Israel feeling rising anger from the U.S. over housing demands
WASHINGTON — An ill-timed municipal housing announcement in Jerusalem has mutated into one of the most serious conflicts between the United States and Israel in two decades, leaving a politically embarrassed Israeli government scrambling to respond to a tough list of demands by the Obama administration.
The Obama administration has put Prime Minister Benjamin Netanyahu in a difficult political spot at home by insisting that the Israeli government halt a plan to build housing units in East Jerusalem. The administration also wants Netanyahu to commit to substantive negotiations with the Palestinians, after more than a year in which the peace process has been moribund.
With the administration’s special envoy, George J. Mitchell, suddenly delaying his planned trip to Israel, the administration was expecting a call from Netanyahu, after a tense exchange last week with Secretary of State Hillary Rodham Clinton.
On Monday, however, Netanyahu sounded a defiant note, telling the Israeli parliament that construction of Jewish housing in Jerusalem was not a matter for negotiation.
He is struggling to balance an increasingly unhappy ally in Washington with the restive right wing of his coalition government.
Boston Scientific voluntarily halts defibrillator sales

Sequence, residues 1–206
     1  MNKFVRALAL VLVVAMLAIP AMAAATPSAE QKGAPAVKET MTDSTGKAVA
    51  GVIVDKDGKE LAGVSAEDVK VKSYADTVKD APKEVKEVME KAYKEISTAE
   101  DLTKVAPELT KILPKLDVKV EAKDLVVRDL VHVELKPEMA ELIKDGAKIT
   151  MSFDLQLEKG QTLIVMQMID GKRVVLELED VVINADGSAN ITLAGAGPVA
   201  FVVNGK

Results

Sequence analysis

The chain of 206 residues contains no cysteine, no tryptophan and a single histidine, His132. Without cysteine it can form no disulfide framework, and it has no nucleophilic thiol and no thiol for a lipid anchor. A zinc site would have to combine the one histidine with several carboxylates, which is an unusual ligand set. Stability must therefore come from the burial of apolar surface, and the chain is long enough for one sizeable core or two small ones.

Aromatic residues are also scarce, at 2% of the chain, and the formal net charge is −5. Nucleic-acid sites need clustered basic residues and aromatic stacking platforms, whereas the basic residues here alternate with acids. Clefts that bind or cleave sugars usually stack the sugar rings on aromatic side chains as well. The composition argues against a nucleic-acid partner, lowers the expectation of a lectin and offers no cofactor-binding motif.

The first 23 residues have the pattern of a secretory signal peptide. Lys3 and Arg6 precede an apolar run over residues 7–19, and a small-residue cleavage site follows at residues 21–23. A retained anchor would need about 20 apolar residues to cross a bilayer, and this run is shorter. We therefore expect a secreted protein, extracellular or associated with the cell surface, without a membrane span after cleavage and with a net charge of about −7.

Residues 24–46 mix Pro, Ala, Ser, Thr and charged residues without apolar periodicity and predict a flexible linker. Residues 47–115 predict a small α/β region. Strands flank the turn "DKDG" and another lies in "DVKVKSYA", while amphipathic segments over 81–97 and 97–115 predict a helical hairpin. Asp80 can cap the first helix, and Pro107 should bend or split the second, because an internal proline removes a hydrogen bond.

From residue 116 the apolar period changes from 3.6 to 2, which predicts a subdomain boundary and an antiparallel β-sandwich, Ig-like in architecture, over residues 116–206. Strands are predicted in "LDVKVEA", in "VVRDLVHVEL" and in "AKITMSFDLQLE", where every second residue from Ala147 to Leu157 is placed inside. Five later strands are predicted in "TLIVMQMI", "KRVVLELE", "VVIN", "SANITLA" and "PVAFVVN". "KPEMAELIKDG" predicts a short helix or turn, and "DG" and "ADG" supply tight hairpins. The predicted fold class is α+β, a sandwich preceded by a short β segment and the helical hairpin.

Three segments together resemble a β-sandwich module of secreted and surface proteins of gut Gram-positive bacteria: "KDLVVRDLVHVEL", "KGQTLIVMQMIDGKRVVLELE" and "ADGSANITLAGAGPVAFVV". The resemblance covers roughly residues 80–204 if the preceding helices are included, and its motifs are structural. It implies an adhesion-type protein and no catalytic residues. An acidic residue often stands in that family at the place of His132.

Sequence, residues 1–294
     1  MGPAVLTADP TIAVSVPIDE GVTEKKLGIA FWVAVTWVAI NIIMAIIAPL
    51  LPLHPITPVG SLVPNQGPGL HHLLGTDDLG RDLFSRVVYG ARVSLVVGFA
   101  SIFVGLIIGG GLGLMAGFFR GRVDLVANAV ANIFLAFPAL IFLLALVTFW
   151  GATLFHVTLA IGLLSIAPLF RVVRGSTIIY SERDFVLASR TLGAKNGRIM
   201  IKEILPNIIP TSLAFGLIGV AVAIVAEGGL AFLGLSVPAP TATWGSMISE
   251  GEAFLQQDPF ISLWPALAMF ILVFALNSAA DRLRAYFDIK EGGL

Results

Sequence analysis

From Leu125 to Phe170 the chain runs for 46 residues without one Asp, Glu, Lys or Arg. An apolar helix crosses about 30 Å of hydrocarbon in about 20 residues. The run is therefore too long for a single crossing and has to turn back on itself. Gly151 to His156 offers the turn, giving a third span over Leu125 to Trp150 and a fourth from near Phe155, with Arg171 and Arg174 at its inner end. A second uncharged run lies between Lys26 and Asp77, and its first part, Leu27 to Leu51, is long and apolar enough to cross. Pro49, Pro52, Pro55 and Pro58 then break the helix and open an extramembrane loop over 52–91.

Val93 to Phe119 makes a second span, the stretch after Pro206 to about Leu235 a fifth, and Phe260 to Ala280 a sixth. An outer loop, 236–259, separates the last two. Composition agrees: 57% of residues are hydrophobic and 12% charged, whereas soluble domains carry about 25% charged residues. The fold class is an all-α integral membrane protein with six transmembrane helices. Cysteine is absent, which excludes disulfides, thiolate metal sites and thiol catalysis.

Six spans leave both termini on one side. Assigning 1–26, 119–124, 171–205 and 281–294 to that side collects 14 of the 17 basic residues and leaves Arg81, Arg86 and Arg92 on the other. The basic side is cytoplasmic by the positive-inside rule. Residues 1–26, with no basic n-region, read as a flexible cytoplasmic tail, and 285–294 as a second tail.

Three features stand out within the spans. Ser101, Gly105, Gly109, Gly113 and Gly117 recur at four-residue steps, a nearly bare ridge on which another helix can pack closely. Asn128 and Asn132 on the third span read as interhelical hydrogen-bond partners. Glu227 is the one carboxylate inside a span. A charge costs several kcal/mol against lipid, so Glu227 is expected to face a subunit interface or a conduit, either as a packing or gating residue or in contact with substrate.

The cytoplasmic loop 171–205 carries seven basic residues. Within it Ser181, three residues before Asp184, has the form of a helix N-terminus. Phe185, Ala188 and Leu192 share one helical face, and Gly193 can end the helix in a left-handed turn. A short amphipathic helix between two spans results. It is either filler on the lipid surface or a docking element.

Boston Scientific vowed when it acquired Guidant in 2006 for $26 billion that it would rebuild the troubled producer of implantable heart defibrillators into a new model of industry safety and public transparency.
But on Monday, Boston Scientific halted defibrillator sales, saying it had failed to properly notify the Food and Drug Administration about two recent manufacturing changes to the devices. The company also voluntarily withdrew all of its defibrillators from hospital shelves.
Recently, a leading heart device researcher said that the company’s devices might pose a potential risk to patients because of the way a component was constructed. The company had rebutted that charge.
It was not clear on Monday whether the company’s failure to notify the FDA involved significant issues or simply paperwork violations, because Boston Scientific did not describe them. A company spokesman also declined to elaborate, other than to say that it did not involve safety-related issues.
Ray Elliott, the company’s president and chief executive, said: “We are acting voluntarily and expeditiously to resolve this situation, and we have seen no evidence of risk to patients.”